Morning Comments December 13, 2021

Bin sunset harvest

For the week last week, we saw March corn finish 6 higher, March wheat finish 18 lower, and January beans finishing basically unchanged as we work our way into holiday mode and folks move to the sidelines before year-end.

Looking ahead to this week, there is not much in the way of major news expected, leaving traders to look to outside markets for direction, though the outside markets seem to be lacking much in the way of direction themselves.

We find ourselves at a weird impasse from a global economic perspective as most of the major economies in the world are working to start limiting money flow to combat inflation, while China is starting to float the concept of stimulus to fight what appears to be a pretty severe economic downturn there.

We got confirmation on Friday that the country's major property developer Evergrande is in fact in default, with an estimated $19.2 billion in dollar-based bonds likely to go unpaid. With over $300 billion in overall debt, the company's failure is likely to have a long tail. 

Concerns over slowing growth, large developer defaults and the likelihood Omicron will be very difficult to contain once it reaches their shores has Chinese leaders worried over what the future could hold from an economic perspective. 

In addition to chatter over stimulus in China, we are also starting to see government officials there roll back blanket restrictions when it comes to energy use. To meet climate goals, the country had originally set forth blanket policies of energy limits, hoping it would force certain regions to work harder in limiting carbon emissions. However, more than anything it has resulted in a slowdown in industry and the economy as a whole.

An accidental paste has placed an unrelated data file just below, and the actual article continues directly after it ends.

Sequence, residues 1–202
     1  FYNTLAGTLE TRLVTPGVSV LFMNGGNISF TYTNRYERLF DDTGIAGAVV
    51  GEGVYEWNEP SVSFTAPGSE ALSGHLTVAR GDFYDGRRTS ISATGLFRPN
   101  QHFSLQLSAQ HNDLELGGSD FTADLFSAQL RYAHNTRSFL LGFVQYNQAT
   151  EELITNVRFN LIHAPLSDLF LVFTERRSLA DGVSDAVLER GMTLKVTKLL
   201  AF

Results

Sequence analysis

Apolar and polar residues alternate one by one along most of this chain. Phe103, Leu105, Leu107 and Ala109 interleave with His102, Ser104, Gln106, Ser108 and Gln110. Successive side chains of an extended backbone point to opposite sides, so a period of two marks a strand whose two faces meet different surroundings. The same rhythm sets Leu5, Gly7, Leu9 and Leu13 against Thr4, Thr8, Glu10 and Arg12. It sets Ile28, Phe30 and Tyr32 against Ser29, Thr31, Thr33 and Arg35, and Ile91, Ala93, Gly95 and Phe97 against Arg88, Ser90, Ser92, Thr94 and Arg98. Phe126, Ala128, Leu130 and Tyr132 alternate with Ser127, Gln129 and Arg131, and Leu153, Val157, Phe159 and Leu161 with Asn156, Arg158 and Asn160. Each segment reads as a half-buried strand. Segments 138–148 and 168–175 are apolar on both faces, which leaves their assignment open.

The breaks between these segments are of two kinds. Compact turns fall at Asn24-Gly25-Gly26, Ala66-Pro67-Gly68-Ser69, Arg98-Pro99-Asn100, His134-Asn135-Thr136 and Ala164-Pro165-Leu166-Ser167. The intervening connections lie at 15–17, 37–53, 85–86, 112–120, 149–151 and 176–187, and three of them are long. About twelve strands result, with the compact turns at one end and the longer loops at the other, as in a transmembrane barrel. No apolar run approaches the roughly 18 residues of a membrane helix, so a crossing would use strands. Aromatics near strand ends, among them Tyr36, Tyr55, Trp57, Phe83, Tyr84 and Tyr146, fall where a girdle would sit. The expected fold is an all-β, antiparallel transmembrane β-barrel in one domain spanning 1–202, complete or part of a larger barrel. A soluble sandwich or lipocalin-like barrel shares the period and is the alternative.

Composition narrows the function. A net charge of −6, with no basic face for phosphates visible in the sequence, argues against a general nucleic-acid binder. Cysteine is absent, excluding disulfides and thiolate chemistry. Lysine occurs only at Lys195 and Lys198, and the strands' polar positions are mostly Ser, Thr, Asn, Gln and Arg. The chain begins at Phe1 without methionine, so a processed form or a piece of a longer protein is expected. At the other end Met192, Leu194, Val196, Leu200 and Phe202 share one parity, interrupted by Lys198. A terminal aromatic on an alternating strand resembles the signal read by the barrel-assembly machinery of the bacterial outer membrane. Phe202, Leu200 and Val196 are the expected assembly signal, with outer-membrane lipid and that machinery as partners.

Officials announced over the weekend that these restrictions will no longer be in place for the regions struggling to meet goals and that they will work to “prioritize stability” as we move ahead.

In other China news, grain traders continue to feel excited over Chinese feed grain demand as the country continues to soak up just about every cheap feed grain it can get its hands on. Reuters reported late last week that cargoes of Ukrainian corn, French wheat and Australian feed wheat had been purchased by the country. 

Many in the cash trade say this was old news, while others say it's only a matter of time before China turns to the U.S. for additional purchases. At this point, we still have around 394 million bushels of corn purchased by China but not yet shipped on the books, with around 5 or so million bushels having shipped each week the last couple of weeks. 

Traders continue to say we will see an uptick in Chinese shipments soon so we will continue to watch export inspections closely to see if that is in fact the case. 

Looking ahead, we will continue to watch the weather out of South America. Western and Central areas of Argentina saw some much-needed rains over the weekend, with the driest portions of Southern Brazil hoping to see some precipitation this week. Corn planting in Argentina has jumped to 62% on the week, while soybean planting is at 59%, both just slightly below the 5-year average.

As mentioned, we will get updated export inspection figures this morning at 11:30 Eastern, with all other attention likely turning to outside markets and continued geo-political conversations and COVID developments.

Corn down 3 to 4

Beans down 7 to 8